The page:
Piramo e Tisbe
Johann Adolf Hasse
Running time: 2 h
Based on a story from Ovid’s Metamorphoses, the piece Intermezzo Tragico a Tre Voci Piramo e Tisbe, composed by Johann Adolf Hasse with a libretto by Marco Coltellini, portrays the last day in the lives of the two young protagonists, inhabitants of the city of Babylon and children of two warring families that had formerly been allies. For this reason, the parents of Pyramus and Thisbe, who at first approved of the budding love between their children, now want to prevent the relationship just as the two young lovers have become most enamored. In Ovid’s tale, after their love was banned, Pyramus and Thisbe were only able to communicate through a narrow hole in a wall meant to separate their bodies and snuff out their desires. In the Intermezzo Tragico, their amorous despair has already come to the point that the tiny groove in the wall has become a crevice carved out by Pyramus, who manages to squeeze through it and present himself in body and soul before Thisbe, just after her father has announced her impending marriage to another man. Knowing that such a union will separate them forever, Pyramus encourages the girl to escape with him to where neither their families nor the laws of Babylon will reach them. Thisbe, with fear and some regret, accepts the plan. When night falls, they will both flee and meet each other in the thicket of the forest surrounding the city, near the tomb of King Nino.
Night falls and Thisbe escapes from her house. She is the first to arrive at the appointed spot, a shady forest of cypress trees and other mournful plants, which seem to come to life under the moonlight. In the center of it all lies Nino’s tomb. The girl, alone and fearful, clutches a richly decorated casket of precious stones that Pyramus has given her; on her head she wears a veil with letters embroidered in gold.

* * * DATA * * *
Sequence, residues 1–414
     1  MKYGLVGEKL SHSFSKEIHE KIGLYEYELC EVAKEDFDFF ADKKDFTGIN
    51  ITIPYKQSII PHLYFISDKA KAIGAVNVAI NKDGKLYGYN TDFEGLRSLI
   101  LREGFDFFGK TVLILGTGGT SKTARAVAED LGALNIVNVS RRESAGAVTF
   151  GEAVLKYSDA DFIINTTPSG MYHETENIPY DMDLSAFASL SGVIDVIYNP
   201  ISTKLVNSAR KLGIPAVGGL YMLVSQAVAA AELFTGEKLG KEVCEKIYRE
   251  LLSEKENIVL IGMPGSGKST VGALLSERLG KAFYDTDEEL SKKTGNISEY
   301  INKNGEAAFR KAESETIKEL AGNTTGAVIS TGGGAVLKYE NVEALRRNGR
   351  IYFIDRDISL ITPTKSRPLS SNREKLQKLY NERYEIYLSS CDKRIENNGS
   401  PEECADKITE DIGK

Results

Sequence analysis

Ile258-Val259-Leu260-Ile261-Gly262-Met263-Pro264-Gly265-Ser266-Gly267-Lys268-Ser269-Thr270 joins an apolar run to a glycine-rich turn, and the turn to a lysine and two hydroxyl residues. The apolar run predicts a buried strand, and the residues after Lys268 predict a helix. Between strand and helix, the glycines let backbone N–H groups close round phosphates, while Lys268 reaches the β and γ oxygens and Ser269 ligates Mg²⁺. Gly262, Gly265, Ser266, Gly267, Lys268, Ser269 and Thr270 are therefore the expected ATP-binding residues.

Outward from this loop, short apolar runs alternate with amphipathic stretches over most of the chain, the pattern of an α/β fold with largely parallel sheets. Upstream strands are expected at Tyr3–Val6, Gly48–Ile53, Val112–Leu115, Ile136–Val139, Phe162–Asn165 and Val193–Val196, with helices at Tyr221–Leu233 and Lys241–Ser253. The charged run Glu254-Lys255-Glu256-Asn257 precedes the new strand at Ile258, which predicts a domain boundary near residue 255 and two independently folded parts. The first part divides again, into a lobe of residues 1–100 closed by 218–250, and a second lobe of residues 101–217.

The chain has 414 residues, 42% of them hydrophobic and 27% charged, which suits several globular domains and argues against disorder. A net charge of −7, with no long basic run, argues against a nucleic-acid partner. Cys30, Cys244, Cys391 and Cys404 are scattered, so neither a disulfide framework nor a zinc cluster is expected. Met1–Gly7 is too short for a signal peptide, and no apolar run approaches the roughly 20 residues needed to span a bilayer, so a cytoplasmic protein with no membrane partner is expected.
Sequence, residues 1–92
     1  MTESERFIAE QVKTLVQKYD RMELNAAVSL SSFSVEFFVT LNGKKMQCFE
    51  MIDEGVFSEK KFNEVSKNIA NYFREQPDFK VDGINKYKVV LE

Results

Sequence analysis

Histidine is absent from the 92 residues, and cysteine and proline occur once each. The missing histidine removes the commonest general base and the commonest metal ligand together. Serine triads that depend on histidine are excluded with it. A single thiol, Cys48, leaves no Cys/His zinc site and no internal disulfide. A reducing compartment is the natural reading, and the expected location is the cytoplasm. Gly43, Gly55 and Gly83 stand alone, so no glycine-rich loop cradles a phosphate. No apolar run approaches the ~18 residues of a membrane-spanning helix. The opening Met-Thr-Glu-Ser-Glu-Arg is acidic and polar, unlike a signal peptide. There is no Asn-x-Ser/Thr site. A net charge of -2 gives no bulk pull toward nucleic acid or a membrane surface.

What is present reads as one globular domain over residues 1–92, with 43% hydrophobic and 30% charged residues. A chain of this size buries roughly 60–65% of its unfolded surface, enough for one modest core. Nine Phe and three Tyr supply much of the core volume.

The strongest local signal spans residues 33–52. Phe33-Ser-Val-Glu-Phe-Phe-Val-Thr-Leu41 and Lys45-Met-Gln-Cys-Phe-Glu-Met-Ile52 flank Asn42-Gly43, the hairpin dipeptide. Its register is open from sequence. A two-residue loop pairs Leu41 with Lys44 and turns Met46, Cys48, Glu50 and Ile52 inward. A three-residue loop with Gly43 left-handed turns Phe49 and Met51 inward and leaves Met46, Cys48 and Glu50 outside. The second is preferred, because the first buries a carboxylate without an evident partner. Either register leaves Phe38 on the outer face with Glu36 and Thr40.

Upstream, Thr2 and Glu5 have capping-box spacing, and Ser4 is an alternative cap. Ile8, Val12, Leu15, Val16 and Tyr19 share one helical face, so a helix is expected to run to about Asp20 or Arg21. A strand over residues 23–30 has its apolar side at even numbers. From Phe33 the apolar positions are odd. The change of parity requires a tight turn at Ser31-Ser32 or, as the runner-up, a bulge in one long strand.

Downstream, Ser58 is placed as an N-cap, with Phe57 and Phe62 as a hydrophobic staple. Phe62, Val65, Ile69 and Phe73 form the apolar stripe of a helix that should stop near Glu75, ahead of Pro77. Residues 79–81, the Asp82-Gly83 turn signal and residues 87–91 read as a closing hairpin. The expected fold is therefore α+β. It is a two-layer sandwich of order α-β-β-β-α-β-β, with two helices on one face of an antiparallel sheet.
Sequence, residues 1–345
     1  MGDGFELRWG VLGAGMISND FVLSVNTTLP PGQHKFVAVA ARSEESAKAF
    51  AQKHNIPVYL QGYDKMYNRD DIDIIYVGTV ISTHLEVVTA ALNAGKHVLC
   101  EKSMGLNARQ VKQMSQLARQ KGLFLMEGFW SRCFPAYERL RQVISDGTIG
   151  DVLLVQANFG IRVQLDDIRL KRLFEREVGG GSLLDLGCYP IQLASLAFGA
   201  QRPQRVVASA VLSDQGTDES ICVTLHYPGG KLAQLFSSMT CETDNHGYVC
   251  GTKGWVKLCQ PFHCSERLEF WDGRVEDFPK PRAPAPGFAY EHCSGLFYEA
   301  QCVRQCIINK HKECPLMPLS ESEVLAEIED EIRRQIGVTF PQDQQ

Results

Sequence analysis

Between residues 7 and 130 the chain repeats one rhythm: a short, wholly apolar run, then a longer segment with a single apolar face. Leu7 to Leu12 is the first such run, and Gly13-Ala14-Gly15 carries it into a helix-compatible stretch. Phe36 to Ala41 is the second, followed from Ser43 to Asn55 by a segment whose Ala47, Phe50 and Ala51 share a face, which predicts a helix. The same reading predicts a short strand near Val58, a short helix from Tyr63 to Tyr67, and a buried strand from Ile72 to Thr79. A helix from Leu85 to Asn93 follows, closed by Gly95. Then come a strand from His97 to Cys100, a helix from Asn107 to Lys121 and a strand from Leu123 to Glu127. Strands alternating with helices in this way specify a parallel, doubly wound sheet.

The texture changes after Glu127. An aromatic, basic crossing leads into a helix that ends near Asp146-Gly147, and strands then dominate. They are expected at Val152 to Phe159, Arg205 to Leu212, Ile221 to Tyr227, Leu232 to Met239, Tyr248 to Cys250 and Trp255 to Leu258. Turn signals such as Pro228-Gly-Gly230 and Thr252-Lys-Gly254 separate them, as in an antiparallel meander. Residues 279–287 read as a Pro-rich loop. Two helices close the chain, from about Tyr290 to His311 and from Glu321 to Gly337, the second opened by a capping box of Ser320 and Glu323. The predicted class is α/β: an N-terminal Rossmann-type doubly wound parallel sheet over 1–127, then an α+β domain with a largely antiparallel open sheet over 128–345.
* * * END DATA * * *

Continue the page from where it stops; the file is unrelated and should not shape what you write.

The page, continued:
While she waits for her lover to come, she hears a noise close-by that fills her with dread. Thisbe flees, dropping the casket and the veil. The noises, it turns out, are the roars of an enormous lion, which appears on Nino’s tomb, covered in the blood of some recent kill. The beast finds the veil on the ground and, in a fury, it rips the veil to shreds, covering it with blood in the process, before quenching his thirst in a nearby fountain. The animal then disappears.
Pyramus arrives at Nino’s tomb, but does not find Thisbe there. Looking around him, he finds the remains of the victims of some ferocious beast; he also sees the small casket lying on the ground — the precious gems scattered all around — and the veil embroidered in gold, torn and bloodstained. For Pyramus, all these images point to Thisbe’s terrible death in the jaws of the beast. Full of despair, he stabs himself with his dagger and falls onto the grave. Soon, however, Thisbe returns to the spot and finds Pyramus dying. The lovers can only exchange a few words before Pyramus dies and then Thisbe kills herself with the same dagger. When the girl’s father, accompanied by a group of armed men, follows the girl’s trail into the forest, they burst onto the scene only to find the young lovers both dead on Nino’s tomb. Full of remorse and regret, Thisbe’s father stabs himself and falls next to them, albeit with enough life left in him that his men take his moribund body away.